He followed Immanuel Kant in regarding the social sciences as "the moral sciences," to refute David Hume on a radical dualism between ethics and science.

Sorokin was in the same tradition, also emfasising an integration of the good, the true and the beautiful.

I had followed this debate in The Structure Of Social Action by Talcott Parsons, who charmingly had tea with Max Webers widow. This great scholarly work was emfaticly (emphaticly) the book that our tutor enthusiasticly recommended, when we were beginning our studies.

Hume famously woke Kant out of his "dogmatic slumbers." Unfortunately, Kant did not wake British academe out of its. Naturally enuf (enough), academics took the line of least resistance, first set down by the Royal Society, when they promised to keep out of politics.

Parsons classic came out about the same time as Sorokin magnum opus. Sorokin wrote many books. His late book, The Basic Trends Of Our Time, is an overview of his lifes work.
He also made a gallant case against the demonisation of his countrymen, and threat of devastating war, when it would have been understandable had he shaken the Russian dust off his feet.

Yet in all of three years, not once was I set any of his books for an essay or discussion topic. Nor was any lecture, that I know of, given on his work. And I was a diligent attender, if nothing else.

We were set Parsons follow-up work The Social System. Fellow students generally found it unreadable and there was what amounted to a passive but unyeilding mass rebellion against doing so.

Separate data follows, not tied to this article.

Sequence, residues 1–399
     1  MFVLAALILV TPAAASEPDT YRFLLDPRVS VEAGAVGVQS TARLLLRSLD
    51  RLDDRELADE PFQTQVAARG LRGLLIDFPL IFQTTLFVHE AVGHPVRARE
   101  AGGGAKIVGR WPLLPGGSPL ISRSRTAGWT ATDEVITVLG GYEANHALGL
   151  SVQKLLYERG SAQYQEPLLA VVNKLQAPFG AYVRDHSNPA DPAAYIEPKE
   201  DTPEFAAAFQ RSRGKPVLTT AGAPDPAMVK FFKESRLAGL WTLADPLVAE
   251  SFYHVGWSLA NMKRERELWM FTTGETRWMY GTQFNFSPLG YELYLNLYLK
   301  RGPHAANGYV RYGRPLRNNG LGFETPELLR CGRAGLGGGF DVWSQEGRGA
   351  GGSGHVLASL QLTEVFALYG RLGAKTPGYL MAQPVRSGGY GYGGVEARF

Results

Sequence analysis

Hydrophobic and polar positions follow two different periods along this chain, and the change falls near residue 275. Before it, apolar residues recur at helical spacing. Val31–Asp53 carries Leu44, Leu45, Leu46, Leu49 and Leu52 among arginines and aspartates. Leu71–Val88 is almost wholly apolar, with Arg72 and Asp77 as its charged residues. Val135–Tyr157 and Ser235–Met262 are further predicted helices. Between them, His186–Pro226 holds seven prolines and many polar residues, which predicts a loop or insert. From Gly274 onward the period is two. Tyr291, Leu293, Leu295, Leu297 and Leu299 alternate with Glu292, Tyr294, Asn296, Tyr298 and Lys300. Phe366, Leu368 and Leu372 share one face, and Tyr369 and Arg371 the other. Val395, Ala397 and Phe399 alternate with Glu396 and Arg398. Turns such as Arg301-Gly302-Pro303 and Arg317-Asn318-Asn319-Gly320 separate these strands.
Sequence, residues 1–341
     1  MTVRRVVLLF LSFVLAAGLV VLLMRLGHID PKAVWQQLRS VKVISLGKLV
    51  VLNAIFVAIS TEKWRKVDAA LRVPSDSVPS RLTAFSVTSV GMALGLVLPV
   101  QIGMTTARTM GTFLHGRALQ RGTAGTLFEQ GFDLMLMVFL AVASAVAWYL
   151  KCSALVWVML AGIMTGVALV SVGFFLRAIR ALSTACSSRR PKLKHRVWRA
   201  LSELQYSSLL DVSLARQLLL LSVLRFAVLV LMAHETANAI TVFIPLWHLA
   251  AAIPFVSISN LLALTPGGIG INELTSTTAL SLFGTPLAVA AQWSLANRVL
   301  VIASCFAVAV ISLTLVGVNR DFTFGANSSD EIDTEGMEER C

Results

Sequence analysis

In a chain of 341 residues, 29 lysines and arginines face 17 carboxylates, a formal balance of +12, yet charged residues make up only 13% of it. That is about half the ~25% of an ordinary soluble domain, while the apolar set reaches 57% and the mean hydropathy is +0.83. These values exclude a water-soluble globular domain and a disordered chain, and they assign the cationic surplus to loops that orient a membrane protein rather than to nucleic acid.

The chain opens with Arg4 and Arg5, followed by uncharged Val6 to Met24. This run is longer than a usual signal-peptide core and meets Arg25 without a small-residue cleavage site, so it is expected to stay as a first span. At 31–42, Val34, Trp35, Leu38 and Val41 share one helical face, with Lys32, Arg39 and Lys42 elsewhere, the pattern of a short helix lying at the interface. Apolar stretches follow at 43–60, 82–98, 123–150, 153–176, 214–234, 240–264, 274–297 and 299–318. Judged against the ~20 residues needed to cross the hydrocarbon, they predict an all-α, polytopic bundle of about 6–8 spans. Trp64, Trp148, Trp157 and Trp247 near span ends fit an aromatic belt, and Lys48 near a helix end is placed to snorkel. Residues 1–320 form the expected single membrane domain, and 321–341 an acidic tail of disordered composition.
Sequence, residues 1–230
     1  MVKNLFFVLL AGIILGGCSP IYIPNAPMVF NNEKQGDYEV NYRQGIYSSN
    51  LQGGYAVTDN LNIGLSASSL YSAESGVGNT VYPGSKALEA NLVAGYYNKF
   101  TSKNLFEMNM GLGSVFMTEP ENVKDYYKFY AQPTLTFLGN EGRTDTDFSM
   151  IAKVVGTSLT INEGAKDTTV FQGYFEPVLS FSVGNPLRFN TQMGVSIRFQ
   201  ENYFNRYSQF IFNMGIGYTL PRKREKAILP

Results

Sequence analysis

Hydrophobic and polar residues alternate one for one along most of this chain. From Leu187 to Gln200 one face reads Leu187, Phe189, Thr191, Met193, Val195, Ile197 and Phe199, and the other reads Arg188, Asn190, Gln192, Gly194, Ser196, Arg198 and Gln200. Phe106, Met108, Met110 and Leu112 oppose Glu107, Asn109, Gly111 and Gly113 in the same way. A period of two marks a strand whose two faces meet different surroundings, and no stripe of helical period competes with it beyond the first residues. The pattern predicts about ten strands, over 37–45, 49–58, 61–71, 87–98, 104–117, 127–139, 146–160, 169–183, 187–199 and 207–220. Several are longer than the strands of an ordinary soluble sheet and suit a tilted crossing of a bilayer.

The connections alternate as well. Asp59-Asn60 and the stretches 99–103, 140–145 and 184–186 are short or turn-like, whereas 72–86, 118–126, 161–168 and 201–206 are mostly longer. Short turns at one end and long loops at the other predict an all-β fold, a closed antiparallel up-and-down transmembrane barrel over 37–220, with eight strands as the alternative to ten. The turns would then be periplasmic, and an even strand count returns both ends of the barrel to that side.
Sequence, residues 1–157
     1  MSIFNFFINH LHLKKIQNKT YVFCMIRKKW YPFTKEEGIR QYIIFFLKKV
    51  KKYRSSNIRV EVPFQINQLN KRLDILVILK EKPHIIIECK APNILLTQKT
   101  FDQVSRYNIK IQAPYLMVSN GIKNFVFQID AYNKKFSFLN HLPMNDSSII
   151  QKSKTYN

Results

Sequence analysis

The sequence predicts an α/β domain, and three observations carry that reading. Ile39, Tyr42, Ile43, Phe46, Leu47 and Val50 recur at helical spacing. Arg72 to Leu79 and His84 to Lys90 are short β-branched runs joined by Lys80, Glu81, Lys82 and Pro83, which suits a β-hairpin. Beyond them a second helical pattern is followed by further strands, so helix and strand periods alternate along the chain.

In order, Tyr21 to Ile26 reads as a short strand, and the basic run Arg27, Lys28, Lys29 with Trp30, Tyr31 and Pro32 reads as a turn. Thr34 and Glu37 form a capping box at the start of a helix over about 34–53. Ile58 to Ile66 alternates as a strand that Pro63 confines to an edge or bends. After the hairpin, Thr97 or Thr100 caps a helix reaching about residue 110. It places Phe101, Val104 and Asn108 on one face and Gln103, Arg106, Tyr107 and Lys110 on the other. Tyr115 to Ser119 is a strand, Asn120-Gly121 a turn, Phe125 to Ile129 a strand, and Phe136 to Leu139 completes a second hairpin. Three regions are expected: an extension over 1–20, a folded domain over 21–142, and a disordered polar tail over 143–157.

C Wright Mills disparaged it, in The Sociological Imagination, meaning the lack thereof, in the profession.

The academic gossip was that Parsons tried to outlaw Mills from the profession.

F R Cowell, in Values In Human Society, complains that Mills was apparently following in Sorokins foot-steps without acknowledging it. Sorokin had already written a critique called: Fads And Foibles In Sociology.

No wonder our lecturers were not eager to discuss Sorokin. They were only following a more widespread studied inattention, that provoked Sorokin to his critique.

Not till i read it from Sorokin himself did I learn that Parsons was a member of Sorokins staff at Harvard. (It is quite possible, of course, that I heard and forgot this snippet on the course, not attaching any significance to it at the time.)

Now that I'm, at last, in on the secret, I think our sociology course was highly remiss in its value-neutral dogmatism. That can't be helped. I regret being so critical of academics who I owe much gratitude for a further education, I wouldnt otherwise have had.

My real complaint is against academic life in general for still pursuing this filosofical (philosophical) dualism of facts and values.

(I studied this question when I was thirty-five, and working as a shop assistant. See: The moral sciences as the ethic of scientific method.
At sixty-five, I'm just putting-up a further essay on the subject:
Science is ethics or "electics."
A new metafysics and model of reality.)

The course spent much time agonising about whether sociology could ever become a science.
So much did they do so, that I was astonished, at course end, by our lecturers dismissal of the issue as of very minor importance.
What then exactly was sociology for?